When the New Testament writers describe salvation under the figure of being “redeemed,” they are borrowing a metaphor from the first-century practice of slavery. Christ purchased believers so that they can no longer claim to be their own (Acts 20:28; 1 Corinthians 6:20; 7:23; Revelation 5:9.). As slaves of Christ, we identify Jesus as our Lord and Master (Romans 6:22; 10:9; 2 Corinthians 4:5; 1 Peter 3:15).
A first-century slave belonged to his owner, lived as part of his master’s household, was equipped and trained to be used for the master’s purposes, and carried out the will of his lord alone. This is the way the New Testament exhorts believers to live and to think about themselves in the spiritual realm. In Romans 8:16, Paul teaches that everyone is a slave of the one whom we obey–either of God or of sin. This means that if we are not obeying God as His slaves, whatever we are doing, no matter how “good” that might be, it is sin, rebellion, and a misuse of the gift of righteousness and life and He has given us. Jesus taught that we can only serve one master, either money or God (Matthew 6:24; Luke16:13.). Peter tells us that since we were bought with such a costly price, we ought to live in obedience and fear the God who purchased us–the God and Father who will judge our every deed (1 Peter 1:17-19).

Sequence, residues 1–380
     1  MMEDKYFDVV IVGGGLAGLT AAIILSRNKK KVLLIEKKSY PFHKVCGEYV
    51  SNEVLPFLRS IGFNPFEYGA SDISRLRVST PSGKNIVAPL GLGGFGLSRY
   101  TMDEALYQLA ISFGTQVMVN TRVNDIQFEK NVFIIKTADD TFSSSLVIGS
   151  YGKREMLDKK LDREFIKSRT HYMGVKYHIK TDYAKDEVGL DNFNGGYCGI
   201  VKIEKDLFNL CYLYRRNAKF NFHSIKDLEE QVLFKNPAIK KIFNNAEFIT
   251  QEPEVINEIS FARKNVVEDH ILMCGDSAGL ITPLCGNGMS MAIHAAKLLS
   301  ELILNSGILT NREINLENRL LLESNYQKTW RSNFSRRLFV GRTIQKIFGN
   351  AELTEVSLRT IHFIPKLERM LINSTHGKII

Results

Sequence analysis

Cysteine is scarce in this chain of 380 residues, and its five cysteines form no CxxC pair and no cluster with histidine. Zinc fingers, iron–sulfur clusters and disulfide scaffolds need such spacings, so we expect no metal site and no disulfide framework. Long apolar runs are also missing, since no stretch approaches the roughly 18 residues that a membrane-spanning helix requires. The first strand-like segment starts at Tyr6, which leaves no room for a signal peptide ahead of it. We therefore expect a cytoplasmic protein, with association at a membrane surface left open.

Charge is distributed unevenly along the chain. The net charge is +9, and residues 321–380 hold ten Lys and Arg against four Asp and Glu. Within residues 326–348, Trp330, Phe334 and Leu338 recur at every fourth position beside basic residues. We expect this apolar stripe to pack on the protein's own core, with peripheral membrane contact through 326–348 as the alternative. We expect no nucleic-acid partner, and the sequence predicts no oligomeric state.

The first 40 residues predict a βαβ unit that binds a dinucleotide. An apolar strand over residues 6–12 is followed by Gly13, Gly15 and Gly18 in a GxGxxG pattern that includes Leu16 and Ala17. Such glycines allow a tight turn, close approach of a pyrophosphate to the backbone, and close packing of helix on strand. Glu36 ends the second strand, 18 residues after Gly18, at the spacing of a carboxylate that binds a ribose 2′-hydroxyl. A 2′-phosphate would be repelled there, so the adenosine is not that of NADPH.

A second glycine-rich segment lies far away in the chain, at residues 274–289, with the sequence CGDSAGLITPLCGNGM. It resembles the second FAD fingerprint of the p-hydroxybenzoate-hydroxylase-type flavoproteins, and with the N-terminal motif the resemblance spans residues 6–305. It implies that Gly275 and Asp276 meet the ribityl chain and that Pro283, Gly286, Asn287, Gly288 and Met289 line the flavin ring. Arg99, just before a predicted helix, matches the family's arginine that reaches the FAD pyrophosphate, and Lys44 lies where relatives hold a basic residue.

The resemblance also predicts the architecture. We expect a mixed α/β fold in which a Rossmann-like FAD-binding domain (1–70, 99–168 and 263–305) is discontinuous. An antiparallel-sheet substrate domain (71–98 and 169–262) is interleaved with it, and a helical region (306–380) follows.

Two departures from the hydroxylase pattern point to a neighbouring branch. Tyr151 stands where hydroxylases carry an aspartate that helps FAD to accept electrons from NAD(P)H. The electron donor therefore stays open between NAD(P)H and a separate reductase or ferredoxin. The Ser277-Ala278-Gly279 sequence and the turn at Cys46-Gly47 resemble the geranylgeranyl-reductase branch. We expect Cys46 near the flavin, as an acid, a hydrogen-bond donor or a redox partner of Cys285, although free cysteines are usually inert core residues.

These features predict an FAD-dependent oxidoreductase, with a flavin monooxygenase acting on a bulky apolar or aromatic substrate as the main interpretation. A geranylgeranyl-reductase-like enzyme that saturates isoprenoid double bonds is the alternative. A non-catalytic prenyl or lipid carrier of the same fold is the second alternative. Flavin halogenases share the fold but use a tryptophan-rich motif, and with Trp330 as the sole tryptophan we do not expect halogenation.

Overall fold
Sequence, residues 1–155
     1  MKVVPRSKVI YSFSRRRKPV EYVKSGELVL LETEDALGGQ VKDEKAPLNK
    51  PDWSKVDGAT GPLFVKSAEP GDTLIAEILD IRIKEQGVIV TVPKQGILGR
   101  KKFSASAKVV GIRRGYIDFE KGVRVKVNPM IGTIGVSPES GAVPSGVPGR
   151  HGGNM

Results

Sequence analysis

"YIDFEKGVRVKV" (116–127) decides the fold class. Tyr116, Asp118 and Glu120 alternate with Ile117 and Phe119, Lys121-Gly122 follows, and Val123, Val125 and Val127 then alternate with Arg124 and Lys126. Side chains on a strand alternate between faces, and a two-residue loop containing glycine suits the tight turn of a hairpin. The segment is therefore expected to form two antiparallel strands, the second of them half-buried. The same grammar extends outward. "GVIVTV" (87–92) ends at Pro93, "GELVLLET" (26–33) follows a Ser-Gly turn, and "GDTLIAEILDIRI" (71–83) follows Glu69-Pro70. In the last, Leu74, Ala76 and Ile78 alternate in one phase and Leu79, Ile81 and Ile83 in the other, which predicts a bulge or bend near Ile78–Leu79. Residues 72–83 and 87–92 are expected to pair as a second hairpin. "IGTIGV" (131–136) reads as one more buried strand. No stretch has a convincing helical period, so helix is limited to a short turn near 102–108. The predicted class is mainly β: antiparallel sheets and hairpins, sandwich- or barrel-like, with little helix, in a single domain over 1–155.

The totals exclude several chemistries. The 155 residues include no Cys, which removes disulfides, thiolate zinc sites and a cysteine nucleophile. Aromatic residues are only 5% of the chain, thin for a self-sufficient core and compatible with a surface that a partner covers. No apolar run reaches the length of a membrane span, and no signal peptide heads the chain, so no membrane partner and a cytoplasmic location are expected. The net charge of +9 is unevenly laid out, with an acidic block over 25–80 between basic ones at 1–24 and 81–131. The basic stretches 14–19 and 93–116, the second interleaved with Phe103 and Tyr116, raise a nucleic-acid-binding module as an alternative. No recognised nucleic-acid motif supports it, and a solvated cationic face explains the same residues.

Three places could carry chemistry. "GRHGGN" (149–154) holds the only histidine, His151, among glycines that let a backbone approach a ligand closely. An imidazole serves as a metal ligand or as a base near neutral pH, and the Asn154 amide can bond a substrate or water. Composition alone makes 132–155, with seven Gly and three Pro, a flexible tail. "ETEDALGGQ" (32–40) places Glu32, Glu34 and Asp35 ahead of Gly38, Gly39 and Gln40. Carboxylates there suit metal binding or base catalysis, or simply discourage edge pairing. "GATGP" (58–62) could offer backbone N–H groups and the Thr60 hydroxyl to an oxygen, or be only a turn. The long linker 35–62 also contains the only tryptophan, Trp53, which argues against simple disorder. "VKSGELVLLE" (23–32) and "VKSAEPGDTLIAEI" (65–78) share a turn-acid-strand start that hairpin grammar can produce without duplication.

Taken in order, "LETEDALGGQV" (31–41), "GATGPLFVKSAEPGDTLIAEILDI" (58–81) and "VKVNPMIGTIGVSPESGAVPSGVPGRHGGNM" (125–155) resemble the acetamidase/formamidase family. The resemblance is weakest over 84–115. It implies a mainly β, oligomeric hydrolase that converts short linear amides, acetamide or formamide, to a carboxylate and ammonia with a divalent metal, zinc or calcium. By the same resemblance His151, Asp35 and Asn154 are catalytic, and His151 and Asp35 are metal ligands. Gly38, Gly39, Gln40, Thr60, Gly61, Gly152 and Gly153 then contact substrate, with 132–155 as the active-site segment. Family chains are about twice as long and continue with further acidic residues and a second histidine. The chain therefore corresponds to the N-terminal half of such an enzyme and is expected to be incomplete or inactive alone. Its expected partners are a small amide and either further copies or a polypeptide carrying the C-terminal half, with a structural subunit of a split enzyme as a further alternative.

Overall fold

In the Scriptures, the most important example of a slave, however, is the Lord Jesus Christ Himself. In Philippians 2:5-8, the Apostle Paul charges believers to have the same “mind” as that of Christ Jesus who, even though He was equal with God, took the form of a bondservant and was obedient to God to the point of a shameful, torturous death on a cross. Given Christ’s example of obedience, there is nothing in Scripture that God commands us to do or to relinquish that we could ever deem to be too much. We have our redeemed lives on this earth to learn to follow Him in obedience as we press on to glory.